10 Lecture: Legal aspects of software (copyright, patents, privacy) -- Tutorial: Legal aspects workshop, project report. None this week.
11 Lecture: Green computing and the digital divide. -- Tutorial: Project presentation. Project final presentation during tutorial time. Worth up to 10% of final grade. Project Video aksi due in Tutorial Week 11. It's worth up to 15% of final grade.
12 Lecture: Unit Recap. Unit Test 3 during lecture time, adds up to 10% of final grade. -- Final report due on Friday, 30 May 2014, 16h.
  SWOT VAC No formal assessment is undertaken in SWOT VAC
  Examination period LINK to Assessment Policy: http://policy.monash.edu.au/policy-bank/

*Unit Schedule details will be maintained and communicated to you via your learning system.

Teaching Approach

Lecture and tutorials or problem classes
The two-hour lecture sessions in this unit aim to provide overview of the topic or topics for the week.

The two-hour tutorial/laboratory classes provides practical exercises and activities related to topic for the week. This unit aims to provide students with hands-on experience on the materials. Students are expected to actively participate in the class activities.

Students are also expected to do some independent reading on the topic provided for a given week. The reading will provide background information to the lecture materials and laboratory exercises. These readings  are examinable through the unit tests (theory questions).

Assessment Summary

In-semester assessment: 100%

Assessment Task Value Due Date
Unit Test 1 10% Lecture Week 5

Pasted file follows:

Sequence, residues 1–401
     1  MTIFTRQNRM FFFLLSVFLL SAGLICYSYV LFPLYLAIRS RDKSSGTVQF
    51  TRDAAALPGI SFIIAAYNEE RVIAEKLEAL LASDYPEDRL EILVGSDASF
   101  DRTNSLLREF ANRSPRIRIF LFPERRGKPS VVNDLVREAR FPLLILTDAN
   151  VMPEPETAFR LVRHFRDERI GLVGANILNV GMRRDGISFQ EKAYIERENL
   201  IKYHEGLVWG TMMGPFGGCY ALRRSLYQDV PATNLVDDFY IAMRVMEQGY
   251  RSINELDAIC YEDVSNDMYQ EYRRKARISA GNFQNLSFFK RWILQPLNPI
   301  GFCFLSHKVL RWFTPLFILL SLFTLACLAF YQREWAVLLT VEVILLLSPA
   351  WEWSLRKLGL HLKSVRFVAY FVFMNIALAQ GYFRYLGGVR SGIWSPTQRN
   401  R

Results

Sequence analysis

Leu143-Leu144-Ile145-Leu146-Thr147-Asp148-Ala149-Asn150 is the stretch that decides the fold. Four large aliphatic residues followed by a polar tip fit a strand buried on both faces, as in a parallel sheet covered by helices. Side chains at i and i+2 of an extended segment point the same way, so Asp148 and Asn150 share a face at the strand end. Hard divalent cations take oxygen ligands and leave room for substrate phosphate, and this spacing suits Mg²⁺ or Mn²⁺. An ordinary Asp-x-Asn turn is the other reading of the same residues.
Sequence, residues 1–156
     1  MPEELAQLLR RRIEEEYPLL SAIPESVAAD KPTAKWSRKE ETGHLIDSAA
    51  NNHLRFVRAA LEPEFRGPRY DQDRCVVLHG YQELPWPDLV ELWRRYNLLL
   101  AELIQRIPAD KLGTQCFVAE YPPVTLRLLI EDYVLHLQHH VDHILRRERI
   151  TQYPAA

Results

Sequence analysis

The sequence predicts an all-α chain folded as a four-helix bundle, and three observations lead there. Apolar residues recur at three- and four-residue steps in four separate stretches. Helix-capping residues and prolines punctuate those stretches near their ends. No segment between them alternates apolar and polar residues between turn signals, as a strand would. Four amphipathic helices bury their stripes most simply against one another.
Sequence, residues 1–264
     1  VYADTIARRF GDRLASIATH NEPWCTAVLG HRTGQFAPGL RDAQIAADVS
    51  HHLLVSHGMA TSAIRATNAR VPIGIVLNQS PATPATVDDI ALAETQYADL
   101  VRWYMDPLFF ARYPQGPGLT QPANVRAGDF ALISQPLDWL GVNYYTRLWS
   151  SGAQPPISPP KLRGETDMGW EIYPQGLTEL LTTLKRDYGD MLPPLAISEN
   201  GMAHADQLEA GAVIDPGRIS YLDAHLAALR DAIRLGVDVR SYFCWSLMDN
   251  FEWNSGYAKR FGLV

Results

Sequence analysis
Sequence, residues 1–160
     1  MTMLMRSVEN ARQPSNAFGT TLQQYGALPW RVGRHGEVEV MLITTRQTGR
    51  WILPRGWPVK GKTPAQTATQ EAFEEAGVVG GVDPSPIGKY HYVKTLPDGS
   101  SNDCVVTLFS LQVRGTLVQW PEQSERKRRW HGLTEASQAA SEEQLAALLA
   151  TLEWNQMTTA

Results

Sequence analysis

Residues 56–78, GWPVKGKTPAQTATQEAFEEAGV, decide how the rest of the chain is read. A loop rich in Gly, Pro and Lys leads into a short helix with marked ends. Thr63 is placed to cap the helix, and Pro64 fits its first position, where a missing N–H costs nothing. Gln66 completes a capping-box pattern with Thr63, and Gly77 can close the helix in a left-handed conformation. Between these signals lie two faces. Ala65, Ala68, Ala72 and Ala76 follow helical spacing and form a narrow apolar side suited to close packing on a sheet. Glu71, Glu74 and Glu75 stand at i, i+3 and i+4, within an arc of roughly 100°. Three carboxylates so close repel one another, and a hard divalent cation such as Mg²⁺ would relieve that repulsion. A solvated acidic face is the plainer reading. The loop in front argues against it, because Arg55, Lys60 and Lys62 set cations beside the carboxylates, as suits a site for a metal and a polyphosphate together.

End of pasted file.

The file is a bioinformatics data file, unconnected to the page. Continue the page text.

Unit Test 2 10% Lecture Week 9
Unit Test 3 10% Lecture Week 12
Project Proposal 15% Week 4, Tuesday, 25 March 2014, 2PM (at the start of lecture)
Project Final Presentation 10% Tutorial Week 11
Final Report 25% Week 12, Friday, 30 May 2014, 16h
Small Laboratory Projects 5 x 3% = 15% Tutorial Weeks 3, 4, 7, 8, 9
Project Video 5% Tutorial Week 11

Assessment Requirements

Assessment Policy

Assessment Tasks

Hurdle Requirements

The assessment activities can be divided into individual activities and group activities. Students must achieve at least 40% on each type of activity (and an overall unit mark of 50%) in order to pass the unit.

Individual assessments:

  • Unit Tests: 3 x 10% = 30% (weeks 5, 8, 12)
  • Participation: 5 x 3% = 15% (class projects, weeks 3, 4, 7, 8, 9)
  • Project Final Presentation: 10% (week 11)

Group assessments:

  • Project Proposal: 15% (week 4)
  • Project Video: 5% (week 11)
  • Final Report: 25% (week 12)


  • Assessment task 1
    Unit Test 1
    Test on week 1-4 materials.
    Multiple Choice and Short Answers Questions.
    Criteria for assessment:

    Correct answers to questions (demonstrates understanding of the material learned)

    Due date:
    Lecture Week 5
  • Assessment task 2
    Unit Test 2
    Test on week 5, 6, 7 and 8 materials.
    Multiple Choice and Short Answers Questions.
    Criteria for assessment:

    Correct answers to questions (demonstrates understanding of the material learned)

    Due date:
    Lecture Week 9
  • Assessment task 3
    Unit Test 3
    Test on week 8-11 materials.
    Multiple Choice and Short Answers Questions.
    Criteria for assessment:

    Correct answers to questions (demonstrates understanding of the material learned)

    Due date:
    Lecture Week 12
  • Assessment task 4
    Project Proposal
    It is a group-based assignment. The proposal contains description of real-life problem that the group will try to find solution using information technology.
    Criteria for assessment:

    This is a group assesment. However, this doesn't mean everybody will get the same marks. Students will perform a peer assessment task that will determine how the marks are allocated within the group.